Kidnapped in Yemen: One Woman’s Amazing Escape from Terrorist Captivity
by Mary Quin
Mainstream Publishing, Edinburgh and London, 2005. Pp.240. Maps. Appendix. Illus. Hb. £16.99. ISBN 1-84596-018-1.
Hostage taking has a long tradition in Yemen. Sons of tribal leaders were semi-permanent ‘guests’ of early twentieth century Imams, held (and fed and educated) in the palaces of the Imams, partly to ensure the good conduct of their families. Under the Republic foreigners were kidnapped by tribes or villagers and used as bargaining counters in negotiations with the Sana’a government. Unfavourable international publicity would draw attention to the inadequate control the government had over the country, providing extra bargaining capital for the kidnappers. The promise of a road, a school or a medical clinic might be the outcome of negotiations and the hostages would then be released. There was an unwritten code of practice in the procedure. Hostages were well looked after. If they were held in a remote village they were free to move around that village, and households vied with each other to feed them well.
For the foreign captives, the uncertainty of the experience could be terrifying, but the procedure was well-established and even benign. All this changed in December 1998 when a party of western tourists was seized some 300 kilometres east of Aden. The central government sent a force to rescue them. The hostages were used as human shields in the armed confrontation. Four were killed and the other fourteen hostages released.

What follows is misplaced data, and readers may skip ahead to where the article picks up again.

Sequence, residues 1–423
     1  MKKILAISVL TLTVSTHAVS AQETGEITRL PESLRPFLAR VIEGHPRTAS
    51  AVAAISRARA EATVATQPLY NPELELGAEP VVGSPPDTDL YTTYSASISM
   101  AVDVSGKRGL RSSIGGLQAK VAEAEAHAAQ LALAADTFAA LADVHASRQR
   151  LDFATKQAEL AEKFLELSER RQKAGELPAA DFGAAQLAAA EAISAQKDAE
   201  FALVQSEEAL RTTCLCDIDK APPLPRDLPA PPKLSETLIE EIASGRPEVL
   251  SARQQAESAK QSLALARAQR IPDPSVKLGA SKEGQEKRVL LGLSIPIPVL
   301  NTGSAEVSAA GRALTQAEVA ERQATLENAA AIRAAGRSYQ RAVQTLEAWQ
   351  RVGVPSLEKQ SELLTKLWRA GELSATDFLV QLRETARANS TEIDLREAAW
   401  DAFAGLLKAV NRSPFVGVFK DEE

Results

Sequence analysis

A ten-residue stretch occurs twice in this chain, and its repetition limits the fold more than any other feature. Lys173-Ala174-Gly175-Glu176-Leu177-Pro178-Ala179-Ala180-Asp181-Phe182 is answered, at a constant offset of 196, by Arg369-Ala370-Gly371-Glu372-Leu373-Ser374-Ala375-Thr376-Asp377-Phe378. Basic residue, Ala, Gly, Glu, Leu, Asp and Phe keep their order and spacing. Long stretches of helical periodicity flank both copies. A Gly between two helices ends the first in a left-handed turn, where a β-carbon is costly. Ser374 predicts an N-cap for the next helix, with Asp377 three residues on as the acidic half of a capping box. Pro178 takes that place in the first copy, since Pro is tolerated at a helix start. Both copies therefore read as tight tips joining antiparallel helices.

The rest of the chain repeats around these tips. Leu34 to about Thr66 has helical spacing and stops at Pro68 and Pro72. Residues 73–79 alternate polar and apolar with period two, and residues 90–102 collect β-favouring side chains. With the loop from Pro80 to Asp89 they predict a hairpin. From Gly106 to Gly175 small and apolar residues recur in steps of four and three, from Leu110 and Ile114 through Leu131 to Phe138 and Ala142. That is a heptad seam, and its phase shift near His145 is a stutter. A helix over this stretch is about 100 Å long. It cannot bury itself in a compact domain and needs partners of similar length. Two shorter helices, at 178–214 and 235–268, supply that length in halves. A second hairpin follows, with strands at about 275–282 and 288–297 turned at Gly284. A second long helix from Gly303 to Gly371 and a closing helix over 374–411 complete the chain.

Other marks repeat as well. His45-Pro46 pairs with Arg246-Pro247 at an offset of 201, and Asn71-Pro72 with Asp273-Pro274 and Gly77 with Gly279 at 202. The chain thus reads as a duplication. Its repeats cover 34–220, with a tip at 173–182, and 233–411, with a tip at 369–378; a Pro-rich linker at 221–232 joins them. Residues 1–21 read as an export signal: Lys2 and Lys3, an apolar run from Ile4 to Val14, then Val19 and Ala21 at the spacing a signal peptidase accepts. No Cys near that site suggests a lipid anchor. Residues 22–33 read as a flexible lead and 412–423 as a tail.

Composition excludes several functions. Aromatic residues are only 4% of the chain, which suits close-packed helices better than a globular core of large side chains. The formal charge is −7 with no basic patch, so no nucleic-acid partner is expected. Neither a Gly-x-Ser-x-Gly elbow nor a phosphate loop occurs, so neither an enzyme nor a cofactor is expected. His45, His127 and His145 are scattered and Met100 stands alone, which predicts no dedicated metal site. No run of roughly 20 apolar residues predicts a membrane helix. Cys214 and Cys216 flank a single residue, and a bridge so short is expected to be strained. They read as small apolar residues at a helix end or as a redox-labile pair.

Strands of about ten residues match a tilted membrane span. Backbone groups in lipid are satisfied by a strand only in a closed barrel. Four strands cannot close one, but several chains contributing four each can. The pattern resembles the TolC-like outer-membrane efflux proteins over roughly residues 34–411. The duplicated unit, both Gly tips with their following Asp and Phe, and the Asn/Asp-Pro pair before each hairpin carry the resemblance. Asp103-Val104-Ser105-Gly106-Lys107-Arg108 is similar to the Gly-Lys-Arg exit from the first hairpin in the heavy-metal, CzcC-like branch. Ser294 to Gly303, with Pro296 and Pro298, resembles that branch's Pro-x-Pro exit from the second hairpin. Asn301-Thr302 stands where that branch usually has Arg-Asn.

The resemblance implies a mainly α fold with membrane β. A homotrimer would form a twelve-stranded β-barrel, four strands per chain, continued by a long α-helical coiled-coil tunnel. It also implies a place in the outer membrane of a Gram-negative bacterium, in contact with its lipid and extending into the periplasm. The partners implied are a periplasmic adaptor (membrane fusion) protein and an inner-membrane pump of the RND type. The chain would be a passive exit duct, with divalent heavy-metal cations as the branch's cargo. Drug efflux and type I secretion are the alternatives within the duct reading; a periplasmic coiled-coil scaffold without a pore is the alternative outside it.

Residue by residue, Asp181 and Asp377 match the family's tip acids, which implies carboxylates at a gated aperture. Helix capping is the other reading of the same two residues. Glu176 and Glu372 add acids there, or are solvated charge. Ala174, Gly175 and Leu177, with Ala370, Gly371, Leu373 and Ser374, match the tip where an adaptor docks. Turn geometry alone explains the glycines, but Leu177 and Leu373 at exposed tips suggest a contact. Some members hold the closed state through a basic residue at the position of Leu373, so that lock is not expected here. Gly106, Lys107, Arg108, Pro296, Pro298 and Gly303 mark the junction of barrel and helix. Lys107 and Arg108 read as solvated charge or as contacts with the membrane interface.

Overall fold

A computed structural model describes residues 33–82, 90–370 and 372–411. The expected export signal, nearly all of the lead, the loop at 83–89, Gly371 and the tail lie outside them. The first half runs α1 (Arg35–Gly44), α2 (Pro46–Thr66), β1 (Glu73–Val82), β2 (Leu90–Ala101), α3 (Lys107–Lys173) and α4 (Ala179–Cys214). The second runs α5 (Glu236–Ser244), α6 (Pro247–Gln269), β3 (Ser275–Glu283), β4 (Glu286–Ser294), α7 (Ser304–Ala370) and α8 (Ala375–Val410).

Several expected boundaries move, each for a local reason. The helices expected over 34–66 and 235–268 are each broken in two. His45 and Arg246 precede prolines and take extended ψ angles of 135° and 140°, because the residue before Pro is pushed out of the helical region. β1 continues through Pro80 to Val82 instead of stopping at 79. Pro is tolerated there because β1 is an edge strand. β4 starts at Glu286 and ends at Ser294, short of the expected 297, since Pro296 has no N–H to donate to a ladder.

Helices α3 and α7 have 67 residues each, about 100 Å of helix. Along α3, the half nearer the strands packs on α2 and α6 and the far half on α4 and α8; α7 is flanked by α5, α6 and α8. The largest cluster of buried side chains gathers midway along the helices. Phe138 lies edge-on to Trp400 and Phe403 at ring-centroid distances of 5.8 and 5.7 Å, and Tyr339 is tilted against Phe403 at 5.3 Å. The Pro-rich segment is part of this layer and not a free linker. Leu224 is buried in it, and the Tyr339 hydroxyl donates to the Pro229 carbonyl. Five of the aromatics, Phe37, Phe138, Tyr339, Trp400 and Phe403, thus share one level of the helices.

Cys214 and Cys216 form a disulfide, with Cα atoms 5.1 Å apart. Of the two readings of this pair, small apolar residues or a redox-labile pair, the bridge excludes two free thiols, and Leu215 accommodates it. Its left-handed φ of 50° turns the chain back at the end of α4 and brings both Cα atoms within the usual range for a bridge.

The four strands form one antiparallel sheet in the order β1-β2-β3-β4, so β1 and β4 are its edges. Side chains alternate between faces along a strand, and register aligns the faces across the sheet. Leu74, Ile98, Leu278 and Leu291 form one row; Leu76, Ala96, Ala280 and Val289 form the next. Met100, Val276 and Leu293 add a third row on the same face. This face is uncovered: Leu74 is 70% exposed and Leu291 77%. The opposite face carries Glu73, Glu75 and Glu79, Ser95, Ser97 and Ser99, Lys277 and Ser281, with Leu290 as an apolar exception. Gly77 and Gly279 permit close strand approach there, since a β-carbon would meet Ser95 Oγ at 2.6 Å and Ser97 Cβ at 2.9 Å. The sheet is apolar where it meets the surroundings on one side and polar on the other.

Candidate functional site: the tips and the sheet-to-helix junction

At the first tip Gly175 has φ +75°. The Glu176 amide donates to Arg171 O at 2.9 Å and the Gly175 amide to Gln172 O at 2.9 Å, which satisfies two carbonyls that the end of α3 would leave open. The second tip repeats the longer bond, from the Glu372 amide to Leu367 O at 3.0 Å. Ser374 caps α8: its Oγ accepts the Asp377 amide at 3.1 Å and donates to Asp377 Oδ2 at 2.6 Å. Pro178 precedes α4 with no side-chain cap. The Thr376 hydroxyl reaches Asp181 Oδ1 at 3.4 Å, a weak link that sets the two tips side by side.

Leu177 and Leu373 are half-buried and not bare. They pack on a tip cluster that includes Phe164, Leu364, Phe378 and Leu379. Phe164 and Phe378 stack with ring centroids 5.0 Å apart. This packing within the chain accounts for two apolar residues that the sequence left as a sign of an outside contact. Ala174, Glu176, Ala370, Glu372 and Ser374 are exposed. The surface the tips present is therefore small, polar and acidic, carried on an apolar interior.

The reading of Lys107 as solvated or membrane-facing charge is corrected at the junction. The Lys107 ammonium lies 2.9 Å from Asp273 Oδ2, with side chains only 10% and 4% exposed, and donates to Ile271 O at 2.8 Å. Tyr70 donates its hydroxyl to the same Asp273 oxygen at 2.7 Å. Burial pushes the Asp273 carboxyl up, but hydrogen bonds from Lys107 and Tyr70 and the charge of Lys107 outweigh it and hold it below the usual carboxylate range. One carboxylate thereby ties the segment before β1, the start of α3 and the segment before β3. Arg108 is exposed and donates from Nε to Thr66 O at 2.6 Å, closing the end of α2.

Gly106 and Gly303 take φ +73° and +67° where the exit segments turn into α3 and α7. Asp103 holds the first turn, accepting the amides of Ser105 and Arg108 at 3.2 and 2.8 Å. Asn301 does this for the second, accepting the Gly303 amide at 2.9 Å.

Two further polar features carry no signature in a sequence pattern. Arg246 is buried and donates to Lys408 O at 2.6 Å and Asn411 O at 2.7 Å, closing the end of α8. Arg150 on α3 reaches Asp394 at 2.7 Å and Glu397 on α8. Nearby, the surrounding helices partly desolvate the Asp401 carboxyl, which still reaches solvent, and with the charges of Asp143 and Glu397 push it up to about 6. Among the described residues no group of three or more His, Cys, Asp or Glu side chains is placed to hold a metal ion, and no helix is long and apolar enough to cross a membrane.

One of those rescued was Mary Quin, a senior executive of the Xerox company in the eastern United States, a New Zealander and an enthusiastic traveller in remoter corners of the world. She has now written an absorbing account of her experiences, describing how it affected her life, with the story of her own investigations into the background and motivations of her captors.
Victims of terrorist outrages continue to be victims after those outrages. They become symbols and pawns in a propaganda war, and it is refreshing to have one victim asserting her own individuality. Her cool account of just what happened when the tourists were seized is gripping. The tension and the detail of weaponry, the characters of her fellow tourists and (as far as she could determine) of the various captors, the intense drama of the shoot-out and rescue, the shuffle back to an abnormal normality – these chapters read like a thriller.
Mary Quin’s life changed. Survival of the ordeal gave her a fresh appreciation of life. But, through reading and internet surfing, she obsessively researched the background of the incident, tracing the links between Yemen and the North Finsbury Mosque, Abu Hamza and his son, and the captors. Her researches took her to call on Abu Hamza in London and back to the site of the scene, and to calls on senior Yemenis including the then Prime Minister, Dr Abd al-Karim al-lryani. The quest for enlightenment has a background of (or is the background to) a transformed life: falling in love and moving to Alaska.
Yemen is a fascinatingly complex country and Mary Quin is not deterred by its mystique. Her approach, uncluttered by the baggage of Yemen scholarship, makes her observations fresh and persuasive. She writes with modest confidence and her account is a unique contribution to studies of contemporary Yemen and the wider canvas of international terrorism.
Altogether a remarkable book.